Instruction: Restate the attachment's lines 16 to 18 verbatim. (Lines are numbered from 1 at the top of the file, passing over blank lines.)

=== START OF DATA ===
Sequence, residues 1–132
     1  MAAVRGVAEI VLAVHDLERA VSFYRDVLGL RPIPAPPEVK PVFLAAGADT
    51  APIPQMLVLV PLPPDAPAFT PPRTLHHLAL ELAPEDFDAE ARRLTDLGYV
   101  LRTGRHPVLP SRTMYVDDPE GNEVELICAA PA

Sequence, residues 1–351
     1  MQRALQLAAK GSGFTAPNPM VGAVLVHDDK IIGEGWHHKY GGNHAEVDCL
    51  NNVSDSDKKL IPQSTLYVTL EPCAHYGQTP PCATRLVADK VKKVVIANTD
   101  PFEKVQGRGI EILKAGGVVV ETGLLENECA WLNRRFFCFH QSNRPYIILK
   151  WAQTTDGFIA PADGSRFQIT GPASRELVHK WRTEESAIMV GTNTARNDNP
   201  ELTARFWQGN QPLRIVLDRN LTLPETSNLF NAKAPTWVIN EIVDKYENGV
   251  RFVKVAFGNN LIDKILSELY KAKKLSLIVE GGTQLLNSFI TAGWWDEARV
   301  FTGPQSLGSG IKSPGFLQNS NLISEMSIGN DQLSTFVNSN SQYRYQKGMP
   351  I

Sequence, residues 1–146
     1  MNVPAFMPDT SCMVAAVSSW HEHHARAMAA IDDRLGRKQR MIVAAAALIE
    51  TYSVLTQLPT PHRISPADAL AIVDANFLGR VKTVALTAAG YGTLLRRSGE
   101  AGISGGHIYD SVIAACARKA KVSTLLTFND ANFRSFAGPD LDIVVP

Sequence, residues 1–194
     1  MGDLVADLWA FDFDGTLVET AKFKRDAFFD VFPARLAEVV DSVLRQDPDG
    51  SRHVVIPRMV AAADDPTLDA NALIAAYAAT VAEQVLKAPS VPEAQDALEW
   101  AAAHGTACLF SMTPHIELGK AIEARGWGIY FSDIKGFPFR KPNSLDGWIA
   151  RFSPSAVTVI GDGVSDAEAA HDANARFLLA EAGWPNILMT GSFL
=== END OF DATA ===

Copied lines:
    51  TYSVLTQLPT PHRISPADAL AIVDANFLGR VKTVALTAAG YGTLLRRSGE
   101  AGISGGHIYD SVIAACARKA KVSTLLTFND ANFRSFAGPD LDIVVP

Sequence, residues 1–194